London (change)
Today 15°C / 11°C
Tomorrow 15°C / 13°C

How to test seed viability

Overview

Sowing old veg seed is a bit of a gamble. It might germinate well, but it might not. Over time, seed viability decreases, and different seeds have different storage times.

To take the guesswork out of sowing old seed, do a simple viability test. It will tell you if the seed is worth sowing at all, and how much to sow. If only a small percentage of seeds germinate, you'll need to sow a greater number to ensure a decent crop.

Follow our 14-day test to check whether your old seed is worth sowing.


How to do it

Step 1

1

Lay a piece of damp kitchen towel on a plate, then sprinkle a sample of your old seed in individual rows to aid identification.


Step 2

2

Cover the plate with clingfilm and keep it in a warm place indoors. Make sure the towel stays moist and check regularly for signs of germination, noting the date when shoots appear.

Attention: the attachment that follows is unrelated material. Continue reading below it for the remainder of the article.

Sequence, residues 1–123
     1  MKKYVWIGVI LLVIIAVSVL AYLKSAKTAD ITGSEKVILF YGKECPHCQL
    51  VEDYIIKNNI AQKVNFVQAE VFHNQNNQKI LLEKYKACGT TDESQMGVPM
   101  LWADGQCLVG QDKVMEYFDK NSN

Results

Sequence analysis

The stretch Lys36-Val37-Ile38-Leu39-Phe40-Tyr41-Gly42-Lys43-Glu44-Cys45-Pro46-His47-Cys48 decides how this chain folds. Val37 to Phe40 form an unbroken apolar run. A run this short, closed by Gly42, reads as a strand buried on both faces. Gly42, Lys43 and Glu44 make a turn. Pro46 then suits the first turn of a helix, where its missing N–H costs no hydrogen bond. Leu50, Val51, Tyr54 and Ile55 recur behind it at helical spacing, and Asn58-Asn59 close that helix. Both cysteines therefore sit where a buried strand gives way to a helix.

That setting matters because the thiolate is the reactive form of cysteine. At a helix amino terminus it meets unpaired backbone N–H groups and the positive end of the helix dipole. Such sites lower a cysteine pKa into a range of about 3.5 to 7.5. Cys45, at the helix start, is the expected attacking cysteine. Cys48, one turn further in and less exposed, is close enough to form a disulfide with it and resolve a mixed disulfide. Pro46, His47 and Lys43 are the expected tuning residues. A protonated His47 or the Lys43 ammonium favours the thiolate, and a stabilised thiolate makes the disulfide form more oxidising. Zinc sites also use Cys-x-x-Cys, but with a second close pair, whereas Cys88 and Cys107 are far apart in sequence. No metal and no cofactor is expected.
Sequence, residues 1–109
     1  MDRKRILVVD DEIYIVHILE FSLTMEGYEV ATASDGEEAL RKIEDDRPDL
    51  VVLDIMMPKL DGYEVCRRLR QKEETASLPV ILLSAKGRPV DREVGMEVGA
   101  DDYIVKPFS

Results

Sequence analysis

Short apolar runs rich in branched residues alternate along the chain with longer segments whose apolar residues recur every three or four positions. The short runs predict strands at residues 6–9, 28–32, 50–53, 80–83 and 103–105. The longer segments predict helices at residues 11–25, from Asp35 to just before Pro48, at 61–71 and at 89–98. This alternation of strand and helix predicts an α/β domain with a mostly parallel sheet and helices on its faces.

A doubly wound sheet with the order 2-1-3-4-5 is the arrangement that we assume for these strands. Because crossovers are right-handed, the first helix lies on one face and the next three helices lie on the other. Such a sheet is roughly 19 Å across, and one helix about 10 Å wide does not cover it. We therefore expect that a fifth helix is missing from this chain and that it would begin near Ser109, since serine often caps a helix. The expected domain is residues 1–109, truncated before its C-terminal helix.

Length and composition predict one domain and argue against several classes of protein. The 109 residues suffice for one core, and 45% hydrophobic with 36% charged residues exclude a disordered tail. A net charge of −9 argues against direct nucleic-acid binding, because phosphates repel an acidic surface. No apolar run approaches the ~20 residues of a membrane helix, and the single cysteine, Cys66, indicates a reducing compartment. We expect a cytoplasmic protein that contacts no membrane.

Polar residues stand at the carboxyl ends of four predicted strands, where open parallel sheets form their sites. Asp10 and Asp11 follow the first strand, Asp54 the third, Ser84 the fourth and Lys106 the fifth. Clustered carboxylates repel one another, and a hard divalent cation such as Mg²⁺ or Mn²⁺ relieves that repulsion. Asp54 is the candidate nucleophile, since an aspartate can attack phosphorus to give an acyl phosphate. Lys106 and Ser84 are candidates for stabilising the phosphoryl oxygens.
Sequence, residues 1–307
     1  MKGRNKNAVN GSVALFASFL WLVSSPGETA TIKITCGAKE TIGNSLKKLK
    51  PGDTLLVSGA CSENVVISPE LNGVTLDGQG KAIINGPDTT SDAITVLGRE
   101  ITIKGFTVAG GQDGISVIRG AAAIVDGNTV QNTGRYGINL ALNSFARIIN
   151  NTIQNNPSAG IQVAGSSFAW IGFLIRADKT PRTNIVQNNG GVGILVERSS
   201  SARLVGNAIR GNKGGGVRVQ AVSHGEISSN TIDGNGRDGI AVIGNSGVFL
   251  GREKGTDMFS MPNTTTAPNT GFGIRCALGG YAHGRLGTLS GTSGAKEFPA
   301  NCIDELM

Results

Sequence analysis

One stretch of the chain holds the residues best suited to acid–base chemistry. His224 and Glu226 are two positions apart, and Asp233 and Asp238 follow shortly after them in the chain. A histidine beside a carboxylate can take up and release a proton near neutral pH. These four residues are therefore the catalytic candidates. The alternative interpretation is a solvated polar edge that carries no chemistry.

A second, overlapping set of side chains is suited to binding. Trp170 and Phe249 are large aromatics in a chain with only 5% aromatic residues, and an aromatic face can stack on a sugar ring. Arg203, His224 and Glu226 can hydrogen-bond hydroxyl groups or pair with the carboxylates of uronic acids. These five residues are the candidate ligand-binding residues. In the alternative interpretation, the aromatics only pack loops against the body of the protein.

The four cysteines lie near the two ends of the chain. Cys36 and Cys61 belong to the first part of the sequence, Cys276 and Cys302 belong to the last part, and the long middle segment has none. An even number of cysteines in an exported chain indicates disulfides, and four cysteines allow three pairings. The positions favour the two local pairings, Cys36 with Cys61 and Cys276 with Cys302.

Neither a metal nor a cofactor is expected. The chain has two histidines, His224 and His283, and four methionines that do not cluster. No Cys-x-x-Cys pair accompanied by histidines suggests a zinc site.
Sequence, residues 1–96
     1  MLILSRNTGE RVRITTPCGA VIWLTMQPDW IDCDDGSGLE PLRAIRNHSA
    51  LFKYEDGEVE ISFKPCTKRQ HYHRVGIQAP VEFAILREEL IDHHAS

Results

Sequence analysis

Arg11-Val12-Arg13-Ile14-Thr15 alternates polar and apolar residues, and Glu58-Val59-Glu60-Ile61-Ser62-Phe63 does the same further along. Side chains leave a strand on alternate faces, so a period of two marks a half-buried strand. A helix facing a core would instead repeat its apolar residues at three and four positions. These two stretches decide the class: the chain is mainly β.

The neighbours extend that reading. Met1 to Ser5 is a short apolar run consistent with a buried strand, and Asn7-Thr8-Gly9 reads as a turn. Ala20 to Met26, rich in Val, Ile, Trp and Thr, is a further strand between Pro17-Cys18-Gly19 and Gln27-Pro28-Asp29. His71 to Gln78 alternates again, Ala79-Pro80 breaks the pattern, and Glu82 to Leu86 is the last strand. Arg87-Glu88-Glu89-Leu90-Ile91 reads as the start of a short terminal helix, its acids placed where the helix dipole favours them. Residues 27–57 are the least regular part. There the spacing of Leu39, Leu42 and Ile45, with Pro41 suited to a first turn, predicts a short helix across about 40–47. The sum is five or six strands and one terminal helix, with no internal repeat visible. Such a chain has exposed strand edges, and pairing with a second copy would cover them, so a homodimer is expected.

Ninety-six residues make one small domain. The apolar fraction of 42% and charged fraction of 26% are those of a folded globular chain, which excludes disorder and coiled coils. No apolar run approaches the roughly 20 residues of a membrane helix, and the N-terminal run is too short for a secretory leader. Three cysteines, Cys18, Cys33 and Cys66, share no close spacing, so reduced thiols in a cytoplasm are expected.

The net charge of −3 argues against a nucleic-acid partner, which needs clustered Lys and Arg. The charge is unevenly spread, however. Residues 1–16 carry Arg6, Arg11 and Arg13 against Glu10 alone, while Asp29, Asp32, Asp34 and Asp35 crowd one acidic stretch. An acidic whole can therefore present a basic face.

Step 3

3

Germination times vary between veg, but after two weeks most viable seed should have sprouted. Count how many have germinated – if it's about half, then you've got 50 per cent viability. The lower the percentage, the more seed you'll need to sow to get a decent crop.




Discuss this project

Talkback: How to test seed viability
Your comment will appear after a quick registration step